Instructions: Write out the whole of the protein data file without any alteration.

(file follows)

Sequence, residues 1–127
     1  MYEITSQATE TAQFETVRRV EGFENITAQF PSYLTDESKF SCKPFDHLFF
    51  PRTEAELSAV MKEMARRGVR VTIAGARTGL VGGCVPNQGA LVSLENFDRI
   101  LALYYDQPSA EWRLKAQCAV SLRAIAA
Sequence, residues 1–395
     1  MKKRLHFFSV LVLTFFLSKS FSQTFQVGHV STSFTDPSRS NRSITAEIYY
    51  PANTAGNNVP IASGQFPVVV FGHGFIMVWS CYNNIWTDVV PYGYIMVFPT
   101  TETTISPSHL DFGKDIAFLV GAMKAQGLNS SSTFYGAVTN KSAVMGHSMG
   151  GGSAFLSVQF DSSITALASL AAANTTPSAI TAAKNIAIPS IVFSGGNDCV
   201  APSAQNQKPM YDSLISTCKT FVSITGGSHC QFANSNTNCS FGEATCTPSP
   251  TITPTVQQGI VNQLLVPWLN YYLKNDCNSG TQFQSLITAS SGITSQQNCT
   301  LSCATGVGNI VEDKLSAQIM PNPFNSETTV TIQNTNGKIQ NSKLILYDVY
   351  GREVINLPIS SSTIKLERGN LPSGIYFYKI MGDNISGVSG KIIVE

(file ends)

Sequence, residues 1–127
     1  MYEITSQATE TAQFETVRRV EGFENITAQF PSYLTDESKF SCKPFDHLFF
    51  PRTEAELSAV MKEMARRGVR VTIAGARTGL VGGCVPNQGA LVSLENFDRI
   101  LALYYDQPSA EWRLKAQCAV SLRAIAA
Sequence, residues 1–395
     1  MKKRLHFFSV LVLTFFLSKS FSQTFQVGHV STSFTDPSRS NRSITAEIYY
    51  PANTAGNNVP IASGQFPVVV FGHGFIMVWS CYNNIWTDVV PYGYIMVFPT
   101  TETTISPSHL DFGKDIAFLV GAMKAQGLNS SSTFYGAVTN KSAVMGHSMG
   151  GGSAFLSVQF DSSITALASL AAANTTPSAI TAAKNIAIPS IVFSGGNDCV
   201  APSAQNQKPM YDSLISTCKT FVSITGGSHC QFANSNTNCS FGEATCTPSP
   251  TITPTVQQGI VNQLLVPWLN YYLKNDCNSG TQFQSLITAS SGITSQQNCT
   301  LSCATGVGNI VEDKLSAQIM PNPFNSETTV TIQNTNGKIQ NSKLILYDVY
   351  GREVINLPIS SSTIKLERGN LPSGIYFYKI MGDNISGVSG KIIVE